Last April, the county anticipated $980,000 in decreased local sales tax revenue in 2020, but only saw a decrease of $167,000, Leavitt wrote. Another sales tax that was estimated to fall by $700,000 actually saw a $124,000 increase, he added.

While revenues were better than anticipated, job losses played out on a significant scale. Accomodation and food service jobs fell off by more than 25% year-over-year, but county revenues tied to those industries only decreased about 12%.

When the pandemic hit last March and the ski resorts closed shortly thereafter, the county’s economy immediately shed thousands of jobs. According to a report from Jeff Jones, Summit County’s economic development director, there were nearly 6,000 jobs in the arts, entertainment or recreation sectors countywide in February 2020. Weeks later, that number had crashed to fewer than 1,000 at a low point in April.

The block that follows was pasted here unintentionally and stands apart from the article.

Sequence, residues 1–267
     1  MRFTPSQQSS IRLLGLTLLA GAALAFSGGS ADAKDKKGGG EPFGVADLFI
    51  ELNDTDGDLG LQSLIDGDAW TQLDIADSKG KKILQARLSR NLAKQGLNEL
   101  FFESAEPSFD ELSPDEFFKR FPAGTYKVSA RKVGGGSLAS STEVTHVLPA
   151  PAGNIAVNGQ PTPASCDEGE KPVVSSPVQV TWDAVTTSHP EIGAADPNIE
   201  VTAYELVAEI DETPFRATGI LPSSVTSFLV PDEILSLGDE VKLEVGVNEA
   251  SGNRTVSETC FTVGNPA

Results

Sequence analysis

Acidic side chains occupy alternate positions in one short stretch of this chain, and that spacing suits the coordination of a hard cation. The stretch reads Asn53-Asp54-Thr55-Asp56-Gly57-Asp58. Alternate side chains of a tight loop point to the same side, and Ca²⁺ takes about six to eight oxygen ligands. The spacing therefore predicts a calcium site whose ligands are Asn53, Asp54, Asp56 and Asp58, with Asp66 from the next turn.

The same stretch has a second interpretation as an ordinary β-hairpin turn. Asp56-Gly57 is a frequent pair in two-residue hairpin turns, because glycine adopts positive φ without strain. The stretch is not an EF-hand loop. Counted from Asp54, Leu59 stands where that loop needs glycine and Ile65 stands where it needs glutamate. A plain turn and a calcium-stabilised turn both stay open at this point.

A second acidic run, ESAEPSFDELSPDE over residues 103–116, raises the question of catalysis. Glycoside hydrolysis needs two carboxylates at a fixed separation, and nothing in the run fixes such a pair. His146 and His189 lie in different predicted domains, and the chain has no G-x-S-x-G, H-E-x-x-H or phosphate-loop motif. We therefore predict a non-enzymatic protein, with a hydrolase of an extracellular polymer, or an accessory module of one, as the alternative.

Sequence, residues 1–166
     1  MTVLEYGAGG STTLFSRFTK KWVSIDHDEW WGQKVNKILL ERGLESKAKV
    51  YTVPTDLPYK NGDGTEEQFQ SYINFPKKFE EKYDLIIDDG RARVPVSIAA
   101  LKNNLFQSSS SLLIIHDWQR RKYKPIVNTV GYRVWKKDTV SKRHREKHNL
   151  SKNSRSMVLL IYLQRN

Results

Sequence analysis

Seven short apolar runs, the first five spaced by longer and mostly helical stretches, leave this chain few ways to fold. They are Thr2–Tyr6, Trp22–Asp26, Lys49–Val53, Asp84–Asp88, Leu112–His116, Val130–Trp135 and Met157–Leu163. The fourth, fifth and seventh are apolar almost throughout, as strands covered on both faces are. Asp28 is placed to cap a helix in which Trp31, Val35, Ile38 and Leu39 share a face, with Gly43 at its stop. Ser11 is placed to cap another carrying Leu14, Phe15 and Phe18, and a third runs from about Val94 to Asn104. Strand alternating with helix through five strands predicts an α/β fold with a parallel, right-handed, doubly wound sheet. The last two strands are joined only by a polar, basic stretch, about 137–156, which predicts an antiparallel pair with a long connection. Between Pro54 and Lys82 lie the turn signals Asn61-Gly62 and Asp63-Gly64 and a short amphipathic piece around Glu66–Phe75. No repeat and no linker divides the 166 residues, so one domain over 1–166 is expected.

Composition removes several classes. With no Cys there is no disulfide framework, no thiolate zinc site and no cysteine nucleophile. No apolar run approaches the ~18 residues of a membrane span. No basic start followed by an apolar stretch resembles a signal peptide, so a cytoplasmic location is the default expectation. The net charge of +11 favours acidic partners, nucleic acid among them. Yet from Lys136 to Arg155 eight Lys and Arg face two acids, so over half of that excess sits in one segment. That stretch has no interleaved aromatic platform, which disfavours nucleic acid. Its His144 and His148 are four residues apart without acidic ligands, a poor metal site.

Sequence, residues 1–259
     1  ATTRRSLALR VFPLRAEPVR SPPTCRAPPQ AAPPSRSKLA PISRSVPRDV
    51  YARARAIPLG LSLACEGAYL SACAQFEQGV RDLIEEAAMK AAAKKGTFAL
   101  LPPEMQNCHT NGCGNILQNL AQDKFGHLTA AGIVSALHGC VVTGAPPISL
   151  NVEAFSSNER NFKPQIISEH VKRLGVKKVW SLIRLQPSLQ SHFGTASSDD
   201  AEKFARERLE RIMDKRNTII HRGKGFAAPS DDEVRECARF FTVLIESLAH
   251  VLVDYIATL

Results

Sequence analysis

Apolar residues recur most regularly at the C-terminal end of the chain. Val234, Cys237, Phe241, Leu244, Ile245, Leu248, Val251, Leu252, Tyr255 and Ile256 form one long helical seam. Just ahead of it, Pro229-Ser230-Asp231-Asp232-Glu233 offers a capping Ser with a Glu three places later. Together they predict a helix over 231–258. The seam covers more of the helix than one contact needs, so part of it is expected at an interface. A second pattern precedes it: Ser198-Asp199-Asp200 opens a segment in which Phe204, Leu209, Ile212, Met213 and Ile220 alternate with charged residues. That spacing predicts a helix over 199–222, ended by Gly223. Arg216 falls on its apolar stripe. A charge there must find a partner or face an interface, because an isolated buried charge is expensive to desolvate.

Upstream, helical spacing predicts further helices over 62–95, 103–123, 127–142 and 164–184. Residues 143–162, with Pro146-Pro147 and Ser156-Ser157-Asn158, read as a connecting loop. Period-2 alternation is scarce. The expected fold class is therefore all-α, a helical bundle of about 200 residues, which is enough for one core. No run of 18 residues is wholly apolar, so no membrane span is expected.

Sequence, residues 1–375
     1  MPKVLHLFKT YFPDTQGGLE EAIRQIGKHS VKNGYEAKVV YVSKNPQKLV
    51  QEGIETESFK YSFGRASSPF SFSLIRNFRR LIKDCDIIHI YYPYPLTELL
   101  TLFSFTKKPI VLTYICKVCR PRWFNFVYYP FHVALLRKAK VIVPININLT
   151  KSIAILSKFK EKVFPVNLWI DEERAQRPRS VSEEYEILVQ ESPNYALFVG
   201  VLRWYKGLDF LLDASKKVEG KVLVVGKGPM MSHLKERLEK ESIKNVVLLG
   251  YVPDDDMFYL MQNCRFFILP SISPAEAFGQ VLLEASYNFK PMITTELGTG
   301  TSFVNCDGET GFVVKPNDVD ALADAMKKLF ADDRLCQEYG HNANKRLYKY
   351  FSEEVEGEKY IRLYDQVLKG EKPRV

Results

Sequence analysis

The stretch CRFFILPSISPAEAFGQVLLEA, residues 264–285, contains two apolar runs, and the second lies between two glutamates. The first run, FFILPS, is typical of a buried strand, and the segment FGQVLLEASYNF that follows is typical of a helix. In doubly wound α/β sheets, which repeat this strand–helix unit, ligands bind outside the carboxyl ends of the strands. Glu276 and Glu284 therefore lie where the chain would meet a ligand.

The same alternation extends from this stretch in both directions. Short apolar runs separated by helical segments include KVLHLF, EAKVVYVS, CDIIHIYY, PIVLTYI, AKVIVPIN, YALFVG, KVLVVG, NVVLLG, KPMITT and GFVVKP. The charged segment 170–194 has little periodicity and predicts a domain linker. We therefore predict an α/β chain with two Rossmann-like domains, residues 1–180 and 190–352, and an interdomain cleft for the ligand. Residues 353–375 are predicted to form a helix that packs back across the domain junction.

Those sectors include seasonal resort employees and have a normal seasonal dropoff. As of this January, however, there were about 1,000 fewer jobs compared to last year.

The numbers for the hotel and restaurant industries were only slightly better, Jones reported. The accommodation and food service sectors lost nearly 6,000 jobs as the pandemic hit, a 72% dropoff. In January, while nearly 3,600 jobs had returned, the total was 2,300 fewer than immediately before the pandemic.

The pandemic’s economic impact, by the numbers

Initial impact

32,290 – number of jobs countywide in January 2020